The newest section of the Roanoke Valley Greenways system held its grand opening in Vinton with an official ribbon-cutting ceremony for the Glade Creek Greenway on July 11. Construction on this part of the greenway began in September 2016 and was finalized at the end of June.
Vinton Councilwoman Janet Scheid, who represents Vinton on the Greenway Commission along with her husband Bud LaRoche and Vice Mayor Matt Hare, thanked a host of contributors who made this Phase 1 of the Glade Creek Greenway possible— most importantly Anita McMillan, Director of Planning and Zoning for the Town of Vinton, who Scheid said “made the greenway happen.”
Scheid described the new ADA-accessible bicycle/pedestrian trail/greenway as 10 feet wide and paved for almost 2,000 linear feet stretching from Virginia/Dale Avenue to Walnut Avenue. Phase 1 will be followed by Phase 2, which will connect Walnut to Gus Nicks Boulevard extending about 3,060 linear feet. It will run beside the river at the foot of the old William Byrd High School property, which is being developed into upscale apartments.
There is a Phase 3 planned as well, which will reach from Gus Nicks Boulevard to Vinyard Park.
Scheid thanked VDOT for its contribution of $131,000 to the project, Novozymes for funding, Precision Fabrics Group (PFG) for a donation of right-of-way property, and Roanoke County, which partnered with the town to bring the project to fruition.
She recognized Vinton Public Works Department personnel for their hard work throughout the process, contractor Matt Combs with Combs Land Solutions, LLC DBA Summit Contracting, and WW Associates, engineers for the project.
Vinton Mayor Brad Grose emphasized the partnerships in the entire valley that formed to create this “great amenity,” and an enhanced quality of life when the entire region is tied together.
Town Manager Barry Thompson called the Glade Creek Greenway completion “another milestone in the Town of Vinton; an attractive, safe, and accessible corridor connecting people and places.” He reminded the crowd that Vinton now has three Greenways—Wolf Creek, the Gladetown Trail, and Glade Creek Phase 1. He thanked McMillan and her staff for their efforts. He also thanked PFG for its generosity in donating the property.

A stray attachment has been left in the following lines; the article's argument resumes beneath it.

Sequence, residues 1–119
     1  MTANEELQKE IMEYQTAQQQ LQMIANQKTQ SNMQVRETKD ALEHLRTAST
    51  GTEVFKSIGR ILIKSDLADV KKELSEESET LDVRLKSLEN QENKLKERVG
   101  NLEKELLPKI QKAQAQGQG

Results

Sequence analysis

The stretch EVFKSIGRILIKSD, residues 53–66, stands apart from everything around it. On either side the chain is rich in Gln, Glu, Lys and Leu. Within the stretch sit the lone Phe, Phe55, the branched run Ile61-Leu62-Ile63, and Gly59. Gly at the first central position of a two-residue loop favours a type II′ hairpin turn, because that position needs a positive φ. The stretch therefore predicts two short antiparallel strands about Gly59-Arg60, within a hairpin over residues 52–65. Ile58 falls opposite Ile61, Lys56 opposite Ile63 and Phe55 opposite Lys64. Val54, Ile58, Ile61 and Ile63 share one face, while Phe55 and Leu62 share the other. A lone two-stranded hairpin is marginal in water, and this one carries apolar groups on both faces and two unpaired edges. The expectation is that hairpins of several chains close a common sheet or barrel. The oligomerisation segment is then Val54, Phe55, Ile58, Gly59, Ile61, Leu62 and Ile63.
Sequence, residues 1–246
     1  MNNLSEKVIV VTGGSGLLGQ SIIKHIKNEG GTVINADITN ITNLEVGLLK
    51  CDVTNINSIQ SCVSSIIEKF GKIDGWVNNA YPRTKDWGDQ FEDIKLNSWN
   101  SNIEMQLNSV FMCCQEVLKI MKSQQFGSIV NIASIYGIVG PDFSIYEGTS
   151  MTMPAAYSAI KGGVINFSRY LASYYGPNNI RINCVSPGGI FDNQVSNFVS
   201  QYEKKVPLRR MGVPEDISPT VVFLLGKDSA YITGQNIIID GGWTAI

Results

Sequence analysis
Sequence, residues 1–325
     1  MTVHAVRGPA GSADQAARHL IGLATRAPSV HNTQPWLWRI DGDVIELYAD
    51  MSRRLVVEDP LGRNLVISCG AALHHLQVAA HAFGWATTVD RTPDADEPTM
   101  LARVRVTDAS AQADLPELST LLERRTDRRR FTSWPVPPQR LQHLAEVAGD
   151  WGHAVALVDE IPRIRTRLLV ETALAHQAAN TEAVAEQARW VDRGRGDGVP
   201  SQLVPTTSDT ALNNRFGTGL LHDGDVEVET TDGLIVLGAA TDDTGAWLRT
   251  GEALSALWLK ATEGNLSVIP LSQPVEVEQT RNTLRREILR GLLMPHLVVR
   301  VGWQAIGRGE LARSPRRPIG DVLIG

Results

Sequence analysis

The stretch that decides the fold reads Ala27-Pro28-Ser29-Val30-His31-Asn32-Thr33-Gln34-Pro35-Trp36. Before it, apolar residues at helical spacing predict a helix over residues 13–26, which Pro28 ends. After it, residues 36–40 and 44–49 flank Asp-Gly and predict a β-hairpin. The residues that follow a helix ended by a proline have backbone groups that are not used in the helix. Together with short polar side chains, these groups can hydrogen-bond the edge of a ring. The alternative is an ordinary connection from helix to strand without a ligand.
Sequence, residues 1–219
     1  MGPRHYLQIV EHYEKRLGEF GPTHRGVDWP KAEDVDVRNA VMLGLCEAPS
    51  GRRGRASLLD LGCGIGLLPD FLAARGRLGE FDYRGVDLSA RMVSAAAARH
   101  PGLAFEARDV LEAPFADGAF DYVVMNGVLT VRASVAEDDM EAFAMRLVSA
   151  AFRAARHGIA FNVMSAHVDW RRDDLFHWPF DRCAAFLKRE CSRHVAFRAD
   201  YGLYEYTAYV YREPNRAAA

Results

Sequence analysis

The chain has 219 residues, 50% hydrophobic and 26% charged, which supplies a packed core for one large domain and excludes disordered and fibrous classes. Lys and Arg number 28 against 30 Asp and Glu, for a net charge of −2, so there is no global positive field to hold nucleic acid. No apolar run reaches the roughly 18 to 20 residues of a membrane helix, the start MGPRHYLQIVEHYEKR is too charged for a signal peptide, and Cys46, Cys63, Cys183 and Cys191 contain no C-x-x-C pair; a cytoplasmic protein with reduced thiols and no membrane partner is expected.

Roanoke County Supervisor Jason Peters said he was proud to be a part of the partnership between Roanoke County and Vinton in “growing the greenway network which benefits all of the citizens across the valley.”
PFG Plant Manager Mike Maust said that PFG was “thrilled to be part of this project.” The company donated 0.4 acres with a value of $15,000 to the Glade Creek project. PFG is “proud to be part of the ongoing growth of the community of Vinton which has served us so well for many years.”
Liz Belcher, Coordinator of the Roanoke Valley Greenway Commission, asked guests to consider the “big picture” of what is yet to come with the Roanoke Valley Greenways. This year marks the 20th anniversary of the Greenway Committee and the volunteer Pathfinders group, established in 1997. However, work began on the greenway vision with a steering committee composed of McMillan, Mayor Grose, and former Roanoke County Planning Commissioner Don Witt, years before that.
Belcher also reminded those in attendance that even beyond Phases 1, 2, and 3, there is a Phase 4 in the distant future connecting Vinyard Park to the Blue Ridge Parkway. The goal is a continuous system of trails extending from Green Hill Park in Salem to Explore Park.
She, too, commended McMillan for her role in the development of the greenways in Vinton by advocating for a share of Novozymes funding which, to that point, had gone to Roanoke City, Salem, and Roanoke County. McMillan insisted that Vinton could be part of the “Roanoke River” Greenway system via Glade Creek and Tinker Creek, which connect to the Roanoke River. The Glade Creek Greenway provides the town residents a connection to the existing City of Roanoke Tinker Creek Greenway that leads to the Roanoke River Greenway (Roanoke Valley Regional Greenway System). Although the greenway runs along both Glade Creek and Tinker Creek, it was named the Glade Creek Greenway.
Belcher thanked Vinton Town Council for having the foresight and courage in times of tight budgets to “put capital into the greenway projects.”
McMillan in turn thanked William “Bo” Herndon with the Public Works Department, Liz Belcher, staff Julie Tucei and Karla Turman, and Town Council, Barry Thompson, and Assistant Town Manager Pete Peters.
According to McMillan, the first funding for Phase 1 was applied for in November 2012 from VDOT for Fiscal Year 2013-2014 with an estimated project cost of $162,000.
“Based on a community meeting for comments, due to safety issues crossing Virginia Avenue, the greenway had to be located under the Dale Avenue Bridge which led to additional funding needed, leading to a final estimated project cost of $262,000,” said McMillan. The City of Roanoke allowed the town to put the greenway under their Dale Avenue Bridge.
Funding for Phase 1 was provided by VDOT Revenue Sharing Grant Funds in the amount of $131,000 with matching funds from Novozymes Biologicals Inc., the Town of Vinton, Pathfinders for the Greenways, Roanoke County EDA/Corridor Funds, and the Roanoke Valley Greenway Commission, and the right-of-way donation from PFG.
Construction got underway in September 2016. The upcoming Phase 2 of the Glade Creek Greenway, which McMillan hopes will begin in fall 2018, is to be funded through the VDOT Map-21 Transportation Alternatives funds program and town funds. The request for proposal (RFP) for engineering services on Phase 2 was due on July 12.